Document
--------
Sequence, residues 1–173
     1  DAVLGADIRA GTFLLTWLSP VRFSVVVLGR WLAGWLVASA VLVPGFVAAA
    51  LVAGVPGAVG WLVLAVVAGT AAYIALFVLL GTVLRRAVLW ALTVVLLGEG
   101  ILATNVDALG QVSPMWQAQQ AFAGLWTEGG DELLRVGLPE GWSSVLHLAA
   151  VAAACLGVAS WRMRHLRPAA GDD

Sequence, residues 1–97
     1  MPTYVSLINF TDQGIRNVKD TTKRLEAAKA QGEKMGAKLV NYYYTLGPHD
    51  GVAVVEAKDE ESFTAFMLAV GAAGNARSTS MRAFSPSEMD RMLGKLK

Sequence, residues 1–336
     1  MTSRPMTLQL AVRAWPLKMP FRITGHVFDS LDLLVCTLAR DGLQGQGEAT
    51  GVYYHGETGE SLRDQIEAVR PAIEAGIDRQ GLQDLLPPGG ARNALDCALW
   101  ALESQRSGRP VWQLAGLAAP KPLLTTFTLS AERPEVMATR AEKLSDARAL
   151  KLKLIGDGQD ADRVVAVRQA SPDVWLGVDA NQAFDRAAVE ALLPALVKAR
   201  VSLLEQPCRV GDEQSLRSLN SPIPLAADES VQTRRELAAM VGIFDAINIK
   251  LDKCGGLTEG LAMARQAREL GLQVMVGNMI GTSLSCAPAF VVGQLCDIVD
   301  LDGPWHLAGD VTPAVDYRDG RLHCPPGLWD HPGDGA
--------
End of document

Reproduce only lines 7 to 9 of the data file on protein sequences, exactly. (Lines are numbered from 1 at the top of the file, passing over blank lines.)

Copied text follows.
     1  MPTYVSLINF TDQGIRNVKD TTKRLEAAKA QGEKMGAKLV NYYYTLGPHD
    51  GVAVVEAKDE ESFTAFMLAV GAAGNARSTS MRAFSPSEMD RMLGKLK

Sequence, residues 1–336